Around 92% of children in Australia are fully vaccinated. Of the remaining 8% that are not up to date, around half are behind schedule because they find it difficult to access services, while the final 4% of children are not immunised because their parents do not accept vaccine recommendations.
So how has Australia managed to maintain such high vaccine uptake?
Julie Leask, University of Sydney, says Australia made a major commitment to increasing vaccination rates in the mid-1990s. A seven-point plan was designed to make it easier to vaccinate and encourage parents to follow medical advice on immunisation.
The plan did more than raise awareness of disease or immunisation programmes. “There is a misconception that all we need to do is stop groups that promote opting out of vaccination,” says Dr Leask. “It’s not that simple.”
Australia’s strategy included establishing a national register to allowhealth authorities to keep track of what vaccines children have had, and incentives for immunisation providers and for parents.
“Right now there are quite strong financial incentives for parents to fully vaccinate their children,” Dr Leask told Vaccines Today, noting the strong emphasis on the role of parents whose access to certain government payments is dependent on keeping up with the national vaccine schedule.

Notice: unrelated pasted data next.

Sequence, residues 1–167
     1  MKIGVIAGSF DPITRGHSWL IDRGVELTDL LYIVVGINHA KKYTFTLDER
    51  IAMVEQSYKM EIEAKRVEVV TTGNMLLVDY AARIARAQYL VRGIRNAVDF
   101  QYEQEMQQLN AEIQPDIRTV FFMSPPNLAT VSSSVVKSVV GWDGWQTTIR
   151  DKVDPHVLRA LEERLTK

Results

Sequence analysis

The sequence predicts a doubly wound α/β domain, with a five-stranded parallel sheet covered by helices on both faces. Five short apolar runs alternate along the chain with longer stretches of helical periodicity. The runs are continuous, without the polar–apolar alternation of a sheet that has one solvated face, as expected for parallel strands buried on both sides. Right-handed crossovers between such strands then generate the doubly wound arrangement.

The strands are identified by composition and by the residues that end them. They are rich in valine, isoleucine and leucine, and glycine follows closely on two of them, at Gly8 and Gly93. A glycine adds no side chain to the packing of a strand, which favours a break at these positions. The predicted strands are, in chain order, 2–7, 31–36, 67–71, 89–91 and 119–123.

For some remote and socially disadvantaged groups, including Aboriginal and Torres Strait islander communities, poverty, transport issues, and access to health services can be a bigger barrier than acceptance.
However, thanks to measures to overcome these challenges, Australia has increased uptake even in remote areas. By the age of two, most aboriginal children have immunisation rates similar to the national average.
“That’s a success story we often don’t hear,” says Dr Leask. In fact, hepatitis B vaccination rates are even higher in Aboriginal children than in the wider population. “Not only are we closing the gap but we’re creating a new gap which means we’re finally redressing some of the inequalities that they’ve lived under for so long.”
The bottom line from the Australian experience is that a more sophisticated and multifaceted approach is required to sustain high childhood immunisation rates. Sometimes posters and reminders are not enough.
“Campaigns are really important for getting the message out there. But if you don’t have a car or if you’re homebound it’s really hard to get your child immunised on time,” says Dr Leask.
“It’s important to acknowledge that barriers to access are really important and no amount of campaigning alone will address that problem.”